The Wisdom of Guarding and Avoiding

As you grow, as you continue to walk with Jesus, the words of Paul to his dear friend whom he mentored, Timothy, will become more and more precious, and invigorating.  Have you spent much time pondering how he closes his first letter to Timothy?  He urges him to guard something, and avoid other things.  Sometimes in our desire to cling to the freedom we have in Christ, we forget that there really are things we ought to avoid, and that there are are quite a few “ought to’s” that we’ve been avoiding.  

To put it briefly:

What to guard?  The faith once for all handed down, which is the doctrines of our faith. Cling to what God has revealed, guard what He has revealed in His Word; the active Word of God, the very Word at work in us, and that we ought to articulate and proclaim!  Hand it down.  Treasure it.  It is your life (Deuteronomy).

What to avoid?  Certain conversations, and philosophies, and fads.  

  O Timothy, guard what has been entrusted to you, avoiding worldly and empty chatter and the opposing arguments of what is falsely called “knowledge”–which some have professed and thus gone astray from the faith. 

1 Timothy 6:20-21

  Paul argued, he engaged in what we now call apologetics. Justin Martyr was the first apologist to write extensively about the faith.   Many others have had opportunity to do this as well, and reading their writings can be so encouraging to our faith. But there is wisdom in knowing when to share pearls, and when not to cast them towards others.  Paul’s address in the temple at Athens has encouraged many of us (myself included) to debate for the faith–and there is a time and place for this.  

Not every time

Paul would not always engage–not all times, all places, all conversations began.

Sometimes we encounter people “deconstructing” and we are tempted to engage in conversation, believing all such conversations will be fruitful.  But beloved, sometimes we must avoid these conversations.

There is wisdom in knowing when the Spirit is leading you to speak, and when you are not listening but running forward of your own accord, ready protect God’s precious words from the ways these others are tearing them down.  He promises to give you this wisdom, He will lead you, do not run ahead.

But fear not.  And do not act or speak from fear.  God’s word is not imprisoned, it will never fade, it will succeed in His purposes for which He sends it forth.  Wait, wait until the Spirit stirs in you, do not speak on your own initiative.  

Avoid these, steer clear

Avoid worldly chatter.   What is “worldly” chatter?  The “world” or “worldly” is often used to speak of a mindset that excludes God. When conversation digresses toward Deism, Naturalism, Pantheism, Mysticism, or simplistic ideas that “all you see is all there is” then you know it is worldly. Sometimes this chatter is in celebration of sin, self, pride, and desires run amok. Sometimes it is all too subtle, and you realize half way through a conversation that this conversation is not for you.  Politely make an exit.  Pray, but avoid the chatter.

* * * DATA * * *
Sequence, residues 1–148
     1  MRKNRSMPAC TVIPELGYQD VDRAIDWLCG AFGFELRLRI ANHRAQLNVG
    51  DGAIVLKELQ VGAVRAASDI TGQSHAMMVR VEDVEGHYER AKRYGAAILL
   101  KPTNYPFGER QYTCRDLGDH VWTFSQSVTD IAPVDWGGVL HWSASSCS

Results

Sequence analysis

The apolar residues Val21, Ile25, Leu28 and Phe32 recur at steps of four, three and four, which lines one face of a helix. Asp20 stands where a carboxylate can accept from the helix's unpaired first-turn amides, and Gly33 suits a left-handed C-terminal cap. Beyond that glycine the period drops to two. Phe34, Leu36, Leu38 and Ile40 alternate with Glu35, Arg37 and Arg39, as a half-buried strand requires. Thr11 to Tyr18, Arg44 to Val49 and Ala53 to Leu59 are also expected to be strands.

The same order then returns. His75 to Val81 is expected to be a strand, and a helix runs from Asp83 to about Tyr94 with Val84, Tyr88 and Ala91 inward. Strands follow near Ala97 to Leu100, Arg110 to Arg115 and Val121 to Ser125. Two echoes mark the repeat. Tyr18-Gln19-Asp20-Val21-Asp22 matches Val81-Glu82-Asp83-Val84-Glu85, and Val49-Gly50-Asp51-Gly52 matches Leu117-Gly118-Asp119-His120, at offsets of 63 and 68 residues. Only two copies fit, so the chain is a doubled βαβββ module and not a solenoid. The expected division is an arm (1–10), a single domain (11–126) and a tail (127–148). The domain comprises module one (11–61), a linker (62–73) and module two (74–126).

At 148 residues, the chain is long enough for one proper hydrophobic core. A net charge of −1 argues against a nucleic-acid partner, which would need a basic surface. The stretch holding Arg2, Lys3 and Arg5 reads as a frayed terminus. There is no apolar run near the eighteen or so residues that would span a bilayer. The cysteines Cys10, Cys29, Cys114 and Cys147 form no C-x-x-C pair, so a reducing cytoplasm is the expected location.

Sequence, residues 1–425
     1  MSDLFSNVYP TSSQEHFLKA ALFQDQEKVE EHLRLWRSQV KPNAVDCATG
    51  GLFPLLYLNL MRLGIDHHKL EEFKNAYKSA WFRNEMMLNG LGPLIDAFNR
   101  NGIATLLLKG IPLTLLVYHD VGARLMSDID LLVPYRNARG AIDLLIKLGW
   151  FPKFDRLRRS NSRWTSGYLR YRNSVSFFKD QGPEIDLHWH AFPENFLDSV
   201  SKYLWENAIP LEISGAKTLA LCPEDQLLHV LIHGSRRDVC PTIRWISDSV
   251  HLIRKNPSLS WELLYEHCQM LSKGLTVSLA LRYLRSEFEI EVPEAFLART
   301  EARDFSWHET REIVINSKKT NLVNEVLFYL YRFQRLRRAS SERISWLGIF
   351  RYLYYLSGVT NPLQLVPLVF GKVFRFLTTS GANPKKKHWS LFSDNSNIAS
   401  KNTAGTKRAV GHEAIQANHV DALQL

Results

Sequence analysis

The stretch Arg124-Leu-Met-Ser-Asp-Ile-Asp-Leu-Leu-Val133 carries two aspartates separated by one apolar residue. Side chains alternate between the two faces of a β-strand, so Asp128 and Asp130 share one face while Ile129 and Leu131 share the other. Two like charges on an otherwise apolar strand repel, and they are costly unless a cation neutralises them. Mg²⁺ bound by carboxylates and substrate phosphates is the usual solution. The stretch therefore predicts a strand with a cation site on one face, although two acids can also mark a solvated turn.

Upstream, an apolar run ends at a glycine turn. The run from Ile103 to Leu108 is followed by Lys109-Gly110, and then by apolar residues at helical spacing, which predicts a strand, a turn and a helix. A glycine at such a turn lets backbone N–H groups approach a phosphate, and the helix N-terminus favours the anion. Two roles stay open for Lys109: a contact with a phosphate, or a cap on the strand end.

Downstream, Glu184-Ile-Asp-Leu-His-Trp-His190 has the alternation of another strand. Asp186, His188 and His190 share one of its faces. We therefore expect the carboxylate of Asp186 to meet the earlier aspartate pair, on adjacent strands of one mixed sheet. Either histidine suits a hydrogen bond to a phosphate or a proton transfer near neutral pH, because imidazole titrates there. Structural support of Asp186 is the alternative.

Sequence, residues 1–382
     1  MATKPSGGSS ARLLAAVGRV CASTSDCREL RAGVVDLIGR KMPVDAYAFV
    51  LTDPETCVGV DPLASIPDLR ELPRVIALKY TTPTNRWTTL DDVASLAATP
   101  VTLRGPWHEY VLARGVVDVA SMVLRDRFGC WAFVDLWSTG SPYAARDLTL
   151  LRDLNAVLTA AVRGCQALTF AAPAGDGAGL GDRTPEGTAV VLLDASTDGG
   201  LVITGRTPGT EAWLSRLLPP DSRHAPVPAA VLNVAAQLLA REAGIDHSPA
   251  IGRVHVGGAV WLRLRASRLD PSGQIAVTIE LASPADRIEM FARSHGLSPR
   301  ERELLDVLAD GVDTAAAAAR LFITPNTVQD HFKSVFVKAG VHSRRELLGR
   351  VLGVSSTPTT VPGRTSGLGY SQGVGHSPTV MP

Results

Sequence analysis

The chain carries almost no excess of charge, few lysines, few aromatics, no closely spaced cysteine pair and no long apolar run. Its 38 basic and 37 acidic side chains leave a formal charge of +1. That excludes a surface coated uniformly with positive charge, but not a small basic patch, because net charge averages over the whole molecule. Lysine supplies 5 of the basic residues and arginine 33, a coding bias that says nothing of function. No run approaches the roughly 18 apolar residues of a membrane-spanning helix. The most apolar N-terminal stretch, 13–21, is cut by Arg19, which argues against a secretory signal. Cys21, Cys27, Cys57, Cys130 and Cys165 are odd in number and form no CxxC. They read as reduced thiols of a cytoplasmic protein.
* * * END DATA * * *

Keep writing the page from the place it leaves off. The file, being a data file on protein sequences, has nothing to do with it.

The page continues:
Avoid empty chatter.  Empty, meaningless, foundationless, speculations.  This includes the category of conversing with people who think we all have our own truth, and they are speaking of their own truth.  No created being is the ground or source of truth.  God alone is, and we cannot entertain chatter with those who are basking in this emptiness.  Pray, but avoid the chatter.

Avoid the opposing arguments of what is falsely called knowledge.  We all know someone who is delighting or arguing for something “falsely called knowledge.”  They redefine how you can know something; they redefine whether we can know something.  These falsely say an unproved theory is truth, while the Word of God is not to be trusted.  They replace the truth of what they observe in the world with speculation.  They throw around words, redefine words, and will mock you.  They will accuse you of gaslighting them when you cling to the Word of Life rather than to their speculations.  Avoid these arguments.  Pray.  Pray in the Spirit.  

They have gone astray from the faith; they are unrepentant, believing only parts of the truth while also delighting in the false…  Elsewhere Paul instructs us to admonish one another and exhort one another; as do both the authors of Hebrews, and of Jude, and John instruct us likewise.  We admonish and exhort “one another”–that is to say, others who are walking with Jesus, others who are in the household of faith. But not these who have gone astray.

These have gone astray from the faith.  These ones are not ready to be admonished–it is a conversation to be avoided, knowing it is not time, their ears are not open to what God speaks, but are tuned towards what is falsely called knowledge.  They redefine faith.  They redefine the parameters of what we consider Scripture.  They redefine church, family, gender, personhood.  They start teaching that what God has created, sustained, and perfectly defined, are ‘human constructs.’   

Guard, and Pray

When the Spirit of truth dwelling in us hears their arguments, we are heartbroken, but must wait, and guard what is entrusted to us.  Many, by engaging them in conversation, are “led away from the simplicity and purity of devotion to Christ.”  

It is not selfish to focus on guarding what has been entrusted to you, it is obedience to One, True, Living, Triune God–who practices hesed and justice and righteousness in the earth, and draws you into delighting in the same (see Jeremiah 9:23-24).  How do we do this? That will be an upcoming post.

This is a great week to meditate on 2 Corinthians 4, as we all anticipate the season of Advent, and the Light that shines in the darkness. 

photo by Aaron Burden on Unsplash